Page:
Up to US $980,000 will be provided by CEPI to support the research. CEPI is already running a similar partnership with Universiti Malaya to study Nipah survivors in Malaysia. The project with icddr,b will increase the number of survivors being studied while also documenting immunology data from survivors who may have been infected by different Nipah strains compared to those in Malaysia.

The road to a Nipah vaccine

In addition to advancing scientific understanding of the virus, the biological material donated by the survivors will be used to support the development of key research tools, like assays and antibody standards, needed for upcoming Phase II clinical trials of Nipah vaccines, currently scheduled to start in mid-to-late 2022.

CEPI's goal, announced as part of its US $3.5bn pandemic preparedness plan, is to advance R&D towards licensure of a Nipah vaccine. CEPI has to date invested up to US $100 million in four promising Nipah vaccine candidates, being developed by teams across academia and industry: Auro Vaccines and PATH, Public Health Vaccines, the University of Tokyo, and the University of Oxford. Programmes are progressing, with vaccine candidates developed by Auro Vaccines and PATH and Public Health Vaccines being the first in the world to reach in-human (Phase I) trials.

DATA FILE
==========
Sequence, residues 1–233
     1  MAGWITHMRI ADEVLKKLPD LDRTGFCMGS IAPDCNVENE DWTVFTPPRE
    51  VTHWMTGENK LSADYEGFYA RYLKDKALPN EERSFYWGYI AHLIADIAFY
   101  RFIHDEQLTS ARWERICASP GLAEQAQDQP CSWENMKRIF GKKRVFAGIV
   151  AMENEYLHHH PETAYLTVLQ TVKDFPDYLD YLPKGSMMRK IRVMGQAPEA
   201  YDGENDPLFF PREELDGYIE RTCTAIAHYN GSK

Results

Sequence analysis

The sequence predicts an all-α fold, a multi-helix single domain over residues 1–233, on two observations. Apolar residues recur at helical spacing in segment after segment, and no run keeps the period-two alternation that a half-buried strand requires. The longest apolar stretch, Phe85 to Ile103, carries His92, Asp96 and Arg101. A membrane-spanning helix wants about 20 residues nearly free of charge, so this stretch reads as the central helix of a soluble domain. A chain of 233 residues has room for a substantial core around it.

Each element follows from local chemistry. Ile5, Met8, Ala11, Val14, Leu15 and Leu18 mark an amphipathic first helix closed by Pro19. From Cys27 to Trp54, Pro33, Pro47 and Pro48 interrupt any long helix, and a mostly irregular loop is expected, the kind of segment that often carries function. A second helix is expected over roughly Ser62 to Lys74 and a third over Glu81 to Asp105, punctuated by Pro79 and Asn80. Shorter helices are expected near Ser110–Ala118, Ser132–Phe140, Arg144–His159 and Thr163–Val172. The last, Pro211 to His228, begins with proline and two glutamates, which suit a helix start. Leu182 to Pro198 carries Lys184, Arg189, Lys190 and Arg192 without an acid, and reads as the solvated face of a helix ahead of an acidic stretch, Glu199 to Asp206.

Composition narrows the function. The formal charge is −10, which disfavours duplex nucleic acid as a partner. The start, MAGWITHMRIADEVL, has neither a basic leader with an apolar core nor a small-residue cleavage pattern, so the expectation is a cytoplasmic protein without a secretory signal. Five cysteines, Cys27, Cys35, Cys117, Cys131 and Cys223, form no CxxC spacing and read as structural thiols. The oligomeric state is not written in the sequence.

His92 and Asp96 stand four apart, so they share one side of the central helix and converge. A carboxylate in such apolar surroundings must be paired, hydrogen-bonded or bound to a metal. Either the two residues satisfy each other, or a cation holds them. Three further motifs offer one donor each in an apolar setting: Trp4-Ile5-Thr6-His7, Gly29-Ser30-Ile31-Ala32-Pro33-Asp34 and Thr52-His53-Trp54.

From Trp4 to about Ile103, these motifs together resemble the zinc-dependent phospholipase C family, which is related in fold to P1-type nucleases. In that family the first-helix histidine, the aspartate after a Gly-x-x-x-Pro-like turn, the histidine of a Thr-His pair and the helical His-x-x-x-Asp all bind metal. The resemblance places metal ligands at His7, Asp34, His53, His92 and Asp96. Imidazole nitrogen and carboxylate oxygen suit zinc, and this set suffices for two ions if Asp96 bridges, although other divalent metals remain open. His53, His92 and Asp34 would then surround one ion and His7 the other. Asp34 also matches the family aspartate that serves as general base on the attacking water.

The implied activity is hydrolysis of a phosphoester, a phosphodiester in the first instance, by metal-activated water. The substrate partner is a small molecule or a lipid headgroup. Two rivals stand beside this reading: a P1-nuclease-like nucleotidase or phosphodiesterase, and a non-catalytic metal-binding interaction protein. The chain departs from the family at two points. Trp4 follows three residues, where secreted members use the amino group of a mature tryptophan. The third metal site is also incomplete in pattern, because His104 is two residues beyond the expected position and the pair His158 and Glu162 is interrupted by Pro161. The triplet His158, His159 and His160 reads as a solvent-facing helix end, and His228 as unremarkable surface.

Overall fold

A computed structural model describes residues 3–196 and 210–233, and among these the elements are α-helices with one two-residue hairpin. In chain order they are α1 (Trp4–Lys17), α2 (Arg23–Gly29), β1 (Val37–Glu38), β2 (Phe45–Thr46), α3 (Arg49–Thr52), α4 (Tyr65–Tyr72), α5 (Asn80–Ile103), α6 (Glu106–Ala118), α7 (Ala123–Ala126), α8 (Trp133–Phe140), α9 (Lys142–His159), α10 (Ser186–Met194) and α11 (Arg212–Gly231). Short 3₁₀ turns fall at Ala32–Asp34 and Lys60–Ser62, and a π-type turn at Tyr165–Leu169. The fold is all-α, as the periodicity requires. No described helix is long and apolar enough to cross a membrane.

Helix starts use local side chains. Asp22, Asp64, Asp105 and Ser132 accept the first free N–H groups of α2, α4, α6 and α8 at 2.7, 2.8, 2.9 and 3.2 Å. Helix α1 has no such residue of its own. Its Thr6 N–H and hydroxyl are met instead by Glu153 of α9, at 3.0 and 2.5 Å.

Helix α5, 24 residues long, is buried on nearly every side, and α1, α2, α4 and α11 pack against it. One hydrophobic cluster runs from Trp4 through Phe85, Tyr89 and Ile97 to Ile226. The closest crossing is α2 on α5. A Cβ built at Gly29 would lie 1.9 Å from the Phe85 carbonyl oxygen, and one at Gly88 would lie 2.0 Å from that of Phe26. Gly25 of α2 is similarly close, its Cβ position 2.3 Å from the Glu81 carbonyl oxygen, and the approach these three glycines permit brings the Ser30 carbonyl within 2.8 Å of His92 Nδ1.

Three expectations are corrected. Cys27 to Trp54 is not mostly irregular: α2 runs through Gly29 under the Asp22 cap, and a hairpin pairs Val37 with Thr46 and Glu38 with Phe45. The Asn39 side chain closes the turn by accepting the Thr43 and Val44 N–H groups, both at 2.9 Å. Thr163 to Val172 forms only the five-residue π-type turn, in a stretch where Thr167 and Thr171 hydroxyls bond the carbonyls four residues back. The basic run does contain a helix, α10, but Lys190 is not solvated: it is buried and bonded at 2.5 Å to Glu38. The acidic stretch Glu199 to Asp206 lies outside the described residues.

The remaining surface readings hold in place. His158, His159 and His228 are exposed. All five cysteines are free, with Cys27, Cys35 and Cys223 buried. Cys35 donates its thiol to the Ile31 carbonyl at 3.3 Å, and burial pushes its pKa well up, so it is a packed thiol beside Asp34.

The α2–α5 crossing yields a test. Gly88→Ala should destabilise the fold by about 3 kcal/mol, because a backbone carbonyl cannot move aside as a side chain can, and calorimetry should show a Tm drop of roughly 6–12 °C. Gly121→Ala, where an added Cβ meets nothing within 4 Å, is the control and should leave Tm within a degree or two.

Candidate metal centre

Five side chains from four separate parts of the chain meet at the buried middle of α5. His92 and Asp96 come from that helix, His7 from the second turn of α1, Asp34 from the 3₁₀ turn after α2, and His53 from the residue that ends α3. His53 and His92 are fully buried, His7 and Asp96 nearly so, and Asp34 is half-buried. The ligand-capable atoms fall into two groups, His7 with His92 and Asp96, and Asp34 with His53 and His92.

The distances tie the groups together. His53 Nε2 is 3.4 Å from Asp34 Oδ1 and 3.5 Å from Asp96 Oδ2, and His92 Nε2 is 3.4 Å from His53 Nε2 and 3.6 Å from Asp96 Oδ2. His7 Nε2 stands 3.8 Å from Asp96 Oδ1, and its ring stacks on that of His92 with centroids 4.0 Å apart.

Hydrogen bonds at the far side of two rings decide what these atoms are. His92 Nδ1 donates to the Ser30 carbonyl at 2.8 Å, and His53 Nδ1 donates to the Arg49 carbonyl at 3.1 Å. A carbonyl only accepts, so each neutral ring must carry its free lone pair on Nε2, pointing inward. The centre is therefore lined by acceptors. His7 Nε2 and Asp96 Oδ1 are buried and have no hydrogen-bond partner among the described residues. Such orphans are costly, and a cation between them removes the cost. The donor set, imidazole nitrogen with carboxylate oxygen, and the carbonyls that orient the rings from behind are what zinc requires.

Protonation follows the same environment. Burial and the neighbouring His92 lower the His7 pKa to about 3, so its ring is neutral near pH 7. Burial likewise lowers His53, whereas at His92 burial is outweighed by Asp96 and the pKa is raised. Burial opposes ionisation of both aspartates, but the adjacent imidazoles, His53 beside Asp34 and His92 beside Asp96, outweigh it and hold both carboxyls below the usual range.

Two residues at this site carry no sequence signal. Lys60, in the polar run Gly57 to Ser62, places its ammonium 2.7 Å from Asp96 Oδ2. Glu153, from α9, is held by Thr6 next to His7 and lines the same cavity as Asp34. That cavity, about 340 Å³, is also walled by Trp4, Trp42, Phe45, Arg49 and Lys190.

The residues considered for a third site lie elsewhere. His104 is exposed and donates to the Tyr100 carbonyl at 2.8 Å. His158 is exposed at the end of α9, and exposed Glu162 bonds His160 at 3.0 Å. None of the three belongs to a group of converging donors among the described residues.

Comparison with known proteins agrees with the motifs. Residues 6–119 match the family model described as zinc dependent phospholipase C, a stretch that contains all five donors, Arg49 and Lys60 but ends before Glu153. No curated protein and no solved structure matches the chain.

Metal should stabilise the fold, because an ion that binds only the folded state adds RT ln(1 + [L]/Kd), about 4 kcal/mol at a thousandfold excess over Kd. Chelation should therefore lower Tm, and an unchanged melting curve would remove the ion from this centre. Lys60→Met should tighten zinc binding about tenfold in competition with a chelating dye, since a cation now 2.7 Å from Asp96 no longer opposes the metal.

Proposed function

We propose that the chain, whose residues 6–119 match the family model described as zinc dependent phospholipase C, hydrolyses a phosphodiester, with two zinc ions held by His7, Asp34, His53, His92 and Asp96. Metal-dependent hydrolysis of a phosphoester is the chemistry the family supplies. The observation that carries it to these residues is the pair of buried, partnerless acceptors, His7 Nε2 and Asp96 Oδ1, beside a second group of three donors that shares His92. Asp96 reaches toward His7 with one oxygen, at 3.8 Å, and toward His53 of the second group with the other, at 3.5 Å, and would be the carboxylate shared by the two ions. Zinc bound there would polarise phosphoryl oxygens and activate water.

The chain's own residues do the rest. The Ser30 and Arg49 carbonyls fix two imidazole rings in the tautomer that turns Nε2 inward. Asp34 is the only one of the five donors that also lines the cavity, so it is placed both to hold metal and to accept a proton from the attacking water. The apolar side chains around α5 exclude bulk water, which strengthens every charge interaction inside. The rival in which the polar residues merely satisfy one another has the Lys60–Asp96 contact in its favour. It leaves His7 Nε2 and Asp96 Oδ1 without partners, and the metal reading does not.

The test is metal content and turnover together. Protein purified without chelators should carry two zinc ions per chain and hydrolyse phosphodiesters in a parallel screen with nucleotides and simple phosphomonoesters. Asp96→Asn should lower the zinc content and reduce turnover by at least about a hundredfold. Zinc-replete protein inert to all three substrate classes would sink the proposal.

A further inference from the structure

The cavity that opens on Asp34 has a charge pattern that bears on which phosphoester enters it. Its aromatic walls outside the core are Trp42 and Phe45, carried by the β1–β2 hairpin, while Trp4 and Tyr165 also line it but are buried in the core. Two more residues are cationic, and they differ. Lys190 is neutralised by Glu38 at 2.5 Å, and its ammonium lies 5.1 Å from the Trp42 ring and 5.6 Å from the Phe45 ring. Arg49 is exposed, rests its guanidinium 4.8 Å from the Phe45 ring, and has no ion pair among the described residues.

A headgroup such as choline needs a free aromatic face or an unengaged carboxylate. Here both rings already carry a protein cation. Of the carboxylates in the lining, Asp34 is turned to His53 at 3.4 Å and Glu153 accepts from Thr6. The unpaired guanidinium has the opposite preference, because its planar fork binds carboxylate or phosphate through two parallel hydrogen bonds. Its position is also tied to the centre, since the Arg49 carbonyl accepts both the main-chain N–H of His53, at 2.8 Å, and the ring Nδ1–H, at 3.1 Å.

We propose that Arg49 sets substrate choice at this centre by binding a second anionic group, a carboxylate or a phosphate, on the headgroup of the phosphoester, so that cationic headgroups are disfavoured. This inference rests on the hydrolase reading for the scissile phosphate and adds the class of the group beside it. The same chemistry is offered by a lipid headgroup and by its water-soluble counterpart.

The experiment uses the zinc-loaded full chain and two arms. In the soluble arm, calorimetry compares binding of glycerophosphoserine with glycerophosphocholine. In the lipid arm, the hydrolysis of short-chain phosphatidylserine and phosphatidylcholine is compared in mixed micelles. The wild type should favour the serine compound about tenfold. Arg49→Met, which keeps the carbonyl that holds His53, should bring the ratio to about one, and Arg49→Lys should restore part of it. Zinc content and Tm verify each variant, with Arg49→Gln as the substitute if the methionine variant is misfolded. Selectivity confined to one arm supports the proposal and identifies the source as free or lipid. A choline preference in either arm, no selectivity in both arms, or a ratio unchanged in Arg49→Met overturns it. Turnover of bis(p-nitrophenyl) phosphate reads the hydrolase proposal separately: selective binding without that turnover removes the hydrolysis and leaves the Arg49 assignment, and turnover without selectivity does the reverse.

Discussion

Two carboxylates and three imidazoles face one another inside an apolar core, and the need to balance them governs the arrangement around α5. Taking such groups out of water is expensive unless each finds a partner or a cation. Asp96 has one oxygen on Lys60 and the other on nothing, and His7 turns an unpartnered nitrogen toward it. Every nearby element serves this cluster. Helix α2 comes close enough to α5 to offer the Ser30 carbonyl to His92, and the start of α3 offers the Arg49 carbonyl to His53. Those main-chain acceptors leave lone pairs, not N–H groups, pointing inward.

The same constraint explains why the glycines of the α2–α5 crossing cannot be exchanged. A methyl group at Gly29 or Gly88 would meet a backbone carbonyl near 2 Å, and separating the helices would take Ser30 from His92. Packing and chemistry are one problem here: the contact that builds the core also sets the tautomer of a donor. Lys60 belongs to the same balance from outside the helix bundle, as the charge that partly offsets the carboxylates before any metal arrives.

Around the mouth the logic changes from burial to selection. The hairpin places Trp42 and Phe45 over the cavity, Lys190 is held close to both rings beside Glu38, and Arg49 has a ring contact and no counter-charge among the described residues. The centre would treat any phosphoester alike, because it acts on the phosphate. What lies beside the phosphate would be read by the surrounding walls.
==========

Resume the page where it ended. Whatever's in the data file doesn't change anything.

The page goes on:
The assays and antibody standards—developed in coordination with scientists at the UK Medicines and Healthcare products Regulatory Agency (MHRA) with expertise in biological standards—will be made available to both CEPI-funded and other Nipah vaccine developers to progress their programmes. These tools are set to play a major role in supporting future regulatory review of Nipah vaccines, especially when late-stage efficacy trials may be difficult to conduct due to the sporadic nature of outbreaks.